What is Cyber Bullying?

The new age of communications technology has made an entire world of information available at our fingertips.  With the onset of social media, individuals can connect with co-workers, classmates and even strangers on the other side of the globe in ways that were not possible even a decade ago.

But while the ease and availability of internet access has made communications simpler, it has also given rise to the phenomenon known as “cyber bullying”.

What is cyber bullying, exactly?  And how does it compare with ‘traditional’ bullying at school or work?

While many sources vary on the specifics, they all agree that the core of cyber bullying involves the act of mean-spirited communication broadcast to all and sundry using digital technology.

Cyber bullying can appear in a variety of forms, including:

  • Continued and relentless text bullying where the participants know each other
  • Anonymous messages posted on a message board or forum
  • Racist, sexist and/or homophobic rhetoric made through social media.
  • A good rule of thumb would be to consider cyber bullying as the kind of behaviour that would be considered unacceptable in “real life”, but it is communicated digitally using a smartphone, email or online chat.

    Studies conducted in Australia explored the depth of bullying and cyber bullying on and off school campuses, and have found:

  • 30.5% of students have reported being victims of bullying in person compared to 14% experiencing cyber bullying
  • 7% of students have reported being subjected to both
  • The vast majority of bullying victims and their tormentors (83%) knew each other in real life.
  • Why Cyber Bulling? The Anonymity Factor.

    When you browse social media and online message boards, it becomes very easy to see people online as names and numbers as opposed to human beings with lives, feelings and goals of their own.

    Combined with anonymous messaging (and with it, no fear of reprisal) and it becomes very easy for some people to say things they would not in the outside world.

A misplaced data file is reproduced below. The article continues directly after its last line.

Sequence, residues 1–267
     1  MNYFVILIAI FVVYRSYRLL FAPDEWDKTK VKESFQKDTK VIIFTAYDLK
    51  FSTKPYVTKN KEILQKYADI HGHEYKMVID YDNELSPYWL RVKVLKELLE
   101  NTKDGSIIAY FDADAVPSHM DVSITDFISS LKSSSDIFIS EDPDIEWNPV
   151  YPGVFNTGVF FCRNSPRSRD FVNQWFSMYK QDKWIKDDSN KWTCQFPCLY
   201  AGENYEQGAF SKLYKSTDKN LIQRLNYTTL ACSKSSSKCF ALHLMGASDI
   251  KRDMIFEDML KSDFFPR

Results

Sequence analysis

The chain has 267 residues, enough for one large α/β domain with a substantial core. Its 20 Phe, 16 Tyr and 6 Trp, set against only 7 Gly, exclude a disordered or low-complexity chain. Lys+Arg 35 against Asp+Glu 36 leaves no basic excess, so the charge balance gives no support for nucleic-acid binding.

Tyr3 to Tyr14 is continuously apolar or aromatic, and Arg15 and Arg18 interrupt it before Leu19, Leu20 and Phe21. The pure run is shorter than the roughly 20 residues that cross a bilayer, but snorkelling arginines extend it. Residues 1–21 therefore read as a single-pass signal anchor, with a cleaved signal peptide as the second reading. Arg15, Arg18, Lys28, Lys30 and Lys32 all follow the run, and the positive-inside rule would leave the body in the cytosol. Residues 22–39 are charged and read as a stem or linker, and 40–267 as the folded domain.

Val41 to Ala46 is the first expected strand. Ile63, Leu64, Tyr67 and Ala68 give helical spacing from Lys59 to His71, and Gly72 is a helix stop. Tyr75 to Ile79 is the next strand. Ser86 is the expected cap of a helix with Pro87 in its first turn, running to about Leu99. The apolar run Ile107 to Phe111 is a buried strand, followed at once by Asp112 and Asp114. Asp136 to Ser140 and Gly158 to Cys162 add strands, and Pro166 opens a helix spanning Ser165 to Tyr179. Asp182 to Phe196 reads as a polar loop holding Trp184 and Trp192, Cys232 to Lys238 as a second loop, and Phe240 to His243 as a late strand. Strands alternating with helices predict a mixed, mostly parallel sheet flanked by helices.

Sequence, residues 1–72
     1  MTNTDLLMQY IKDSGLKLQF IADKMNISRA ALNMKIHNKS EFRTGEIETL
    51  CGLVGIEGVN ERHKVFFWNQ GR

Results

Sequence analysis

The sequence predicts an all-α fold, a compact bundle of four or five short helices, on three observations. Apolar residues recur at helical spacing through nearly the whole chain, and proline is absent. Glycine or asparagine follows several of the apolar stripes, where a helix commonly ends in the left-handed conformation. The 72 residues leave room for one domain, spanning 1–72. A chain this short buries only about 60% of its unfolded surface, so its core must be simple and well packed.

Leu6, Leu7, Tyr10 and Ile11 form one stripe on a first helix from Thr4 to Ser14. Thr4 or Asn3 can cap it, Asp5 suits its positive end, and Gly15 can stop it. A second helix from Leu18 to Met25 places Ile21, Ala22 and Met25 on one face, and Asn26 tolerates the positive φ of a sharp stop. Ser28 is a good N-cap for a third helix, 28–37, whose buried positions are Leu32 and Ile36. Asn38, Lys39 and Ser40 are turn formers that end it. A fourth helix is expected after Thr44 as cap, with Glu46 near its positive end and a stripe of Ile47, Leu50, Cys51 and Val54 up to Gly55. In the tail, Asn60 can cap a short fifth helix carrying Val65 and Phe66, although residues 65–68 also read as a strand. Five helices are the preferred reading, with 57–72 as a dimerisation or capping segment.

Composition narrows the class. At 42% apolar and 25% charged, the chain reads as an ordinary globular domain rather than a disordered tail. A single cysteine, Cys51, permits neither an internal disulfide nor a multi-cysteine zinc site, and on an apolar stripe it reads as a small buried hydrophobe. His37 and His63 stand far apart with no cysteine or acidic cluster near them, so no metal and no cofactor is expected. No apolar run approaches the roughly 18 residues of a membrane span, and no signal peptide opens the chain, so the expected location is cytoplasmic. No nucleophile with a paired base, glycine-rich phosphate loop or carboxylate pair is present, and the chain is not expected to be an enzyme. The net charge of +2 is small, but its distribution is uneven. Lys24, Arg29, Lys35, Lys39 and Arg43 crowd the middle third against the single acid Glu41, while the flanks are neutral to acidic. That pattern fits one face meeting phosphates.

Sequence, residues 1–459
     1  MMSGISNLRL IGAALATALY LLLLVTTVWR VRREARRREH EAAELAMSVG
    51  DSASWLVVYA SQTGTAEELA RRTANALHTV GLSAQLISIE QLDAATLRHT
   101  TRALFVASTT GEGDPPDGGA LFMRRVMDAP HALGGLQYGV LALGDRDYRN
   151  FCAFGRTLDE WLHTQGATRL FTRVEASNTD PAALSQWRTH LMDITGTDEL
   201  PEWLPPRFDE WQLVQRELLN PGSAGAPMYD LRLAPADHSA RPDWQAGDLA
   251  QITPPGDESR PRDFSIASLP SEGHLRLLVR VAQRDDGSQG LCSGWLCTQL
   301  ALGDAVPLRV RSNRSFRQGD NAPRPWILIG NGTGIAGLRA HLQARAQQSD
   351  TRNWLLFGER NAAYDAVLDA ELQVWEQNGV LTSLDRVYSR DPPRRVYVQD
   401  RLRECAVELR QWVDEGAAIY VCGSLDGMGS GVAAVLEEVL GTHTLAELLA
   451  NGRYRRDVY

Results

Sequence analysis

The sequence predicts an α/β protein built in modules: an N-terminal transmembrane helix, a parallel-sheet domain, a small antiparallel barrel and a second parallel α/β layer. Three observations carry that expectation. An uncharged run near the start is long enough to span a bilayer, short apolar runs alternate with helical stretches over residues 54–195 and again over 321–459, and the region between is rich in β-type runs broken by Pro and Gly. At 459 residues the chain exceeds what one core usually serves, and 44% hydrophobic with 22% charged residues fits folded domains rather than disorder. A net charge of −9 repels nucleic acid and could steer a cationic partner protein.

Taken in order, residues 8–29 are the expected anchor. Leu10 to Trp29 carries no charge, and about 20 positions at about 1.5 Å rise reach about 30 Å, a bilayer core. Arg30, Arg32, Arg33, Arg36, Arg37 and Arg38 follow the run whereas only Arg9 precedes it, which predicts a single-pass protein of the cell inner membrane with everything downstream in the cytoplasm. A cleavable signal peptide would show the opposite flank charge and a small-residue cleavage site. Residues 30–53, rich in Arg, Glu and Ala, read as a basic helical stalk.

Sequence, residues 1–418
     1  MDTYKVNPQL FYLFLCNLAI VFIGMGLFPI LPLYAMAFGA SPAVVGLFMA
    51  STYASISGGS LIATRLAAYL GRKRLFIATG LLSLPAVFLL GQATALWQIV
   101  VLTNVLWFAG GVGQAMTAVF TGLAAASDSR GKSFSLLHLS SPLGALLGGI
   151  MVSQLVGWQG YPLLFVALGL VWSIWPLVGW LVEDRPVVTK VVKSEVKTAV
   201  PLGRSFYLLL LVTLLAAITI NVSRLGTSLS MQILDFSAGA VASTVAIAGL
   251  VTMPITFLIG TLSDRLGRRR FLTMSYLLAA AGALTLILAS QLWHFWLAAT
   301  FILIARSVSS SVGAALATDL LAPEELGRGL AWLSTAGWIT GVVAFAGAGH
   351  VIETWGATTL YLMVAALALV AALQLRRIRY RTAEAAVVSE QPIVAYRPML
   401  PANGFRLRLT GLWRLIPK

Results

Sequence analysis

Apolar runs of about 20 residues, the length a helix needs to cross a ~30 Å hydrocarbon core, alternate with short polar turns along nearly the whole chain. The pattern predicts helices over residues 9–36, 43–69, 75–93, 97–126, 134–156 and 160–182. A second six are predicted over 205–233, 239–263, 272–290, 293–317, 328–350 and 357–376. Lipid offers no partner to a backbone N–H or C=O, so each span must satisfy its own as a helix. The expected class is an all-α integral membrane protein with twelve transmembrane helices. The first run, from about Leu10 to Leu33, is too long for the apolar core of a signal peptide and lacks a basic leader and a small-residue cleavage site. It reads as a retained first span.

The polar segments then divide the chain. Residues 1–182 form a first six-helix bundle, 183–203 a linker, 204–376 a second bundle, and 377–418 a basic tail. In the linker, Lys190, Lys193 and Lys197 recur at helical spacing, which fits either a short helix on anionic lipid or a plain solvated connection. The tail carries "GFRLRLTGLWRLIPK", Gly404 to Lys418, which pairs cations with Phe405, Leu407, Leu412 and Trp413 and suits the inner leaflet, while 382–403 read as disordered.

Cyber bullies do not physically see the people they bully and the devastating effects of words on them, making it easier to deliver criticism and nasty messages.

    The Effects of Cyber Bullying

    While much cyber bullying stems from bullying in the real world, the ability for tormentors to continue pursuing their victims outside of school (online) can present a serious issue for vulnerable teenagers.

    Furthermore, with message boards, social media, video games permeating our lives where there’s internet connection, cyber bullying can present itself anywhere at any time.  This can mean that the targeted have no way of escaping their bullies. Worse, parents or teachers may be unaware of the bullying.

    The fact that it can occur with an audience up to and including the entire world only empowers the bullies, making cyber bullying even more damaging and harmful than traditional bullying.

    What to do about Bullying in the Digital Age

    In recent years, various local governments in Australia have recognised the existence of cyber bullying and have funded legislation and agencies to deal with this new phenomenon.

    Find out how being assertive can help with protecting yourself against bullying – Assertiveness: The Benefits of Being Assertive.

    The exact legislation varies across the Commonwealth, but many of them have laws set up to deal with the most severe forms of cyber bullying such as:

  • Threats
  • Stalking
  • Defamation
  • Encouraging suicide.
  • If you are a parent concerned and you’re concerned your child is a victim of cyber bullying, then act fast. Here are some actions to take:

  • Talk with your child
  • Supervise the websites your children visit
  • If online games are involved, ask about the online communities
  • Introduce internet filters
  • Ban the internet at certain times of the day
  • Speak to the school principal and/or counsellor
  • Speak to a child psychologist.
  • You may also be interesting in the following information:

  • How to choose a child psychologist
  • Child and adolescent counselling and assessments
  • Finding assistance

    Remember, bullying does not become acceptable just because it is online.

    If you have taken steps to curb bullying issues experienced by your family and feel you need more help, it may be time to speak with a child psychologist.

    We have trained specialists who can help introduce strategies to restore confidence in your child, and to keep your family safe and informed about the internet and cyber bullying.

    Looking for support?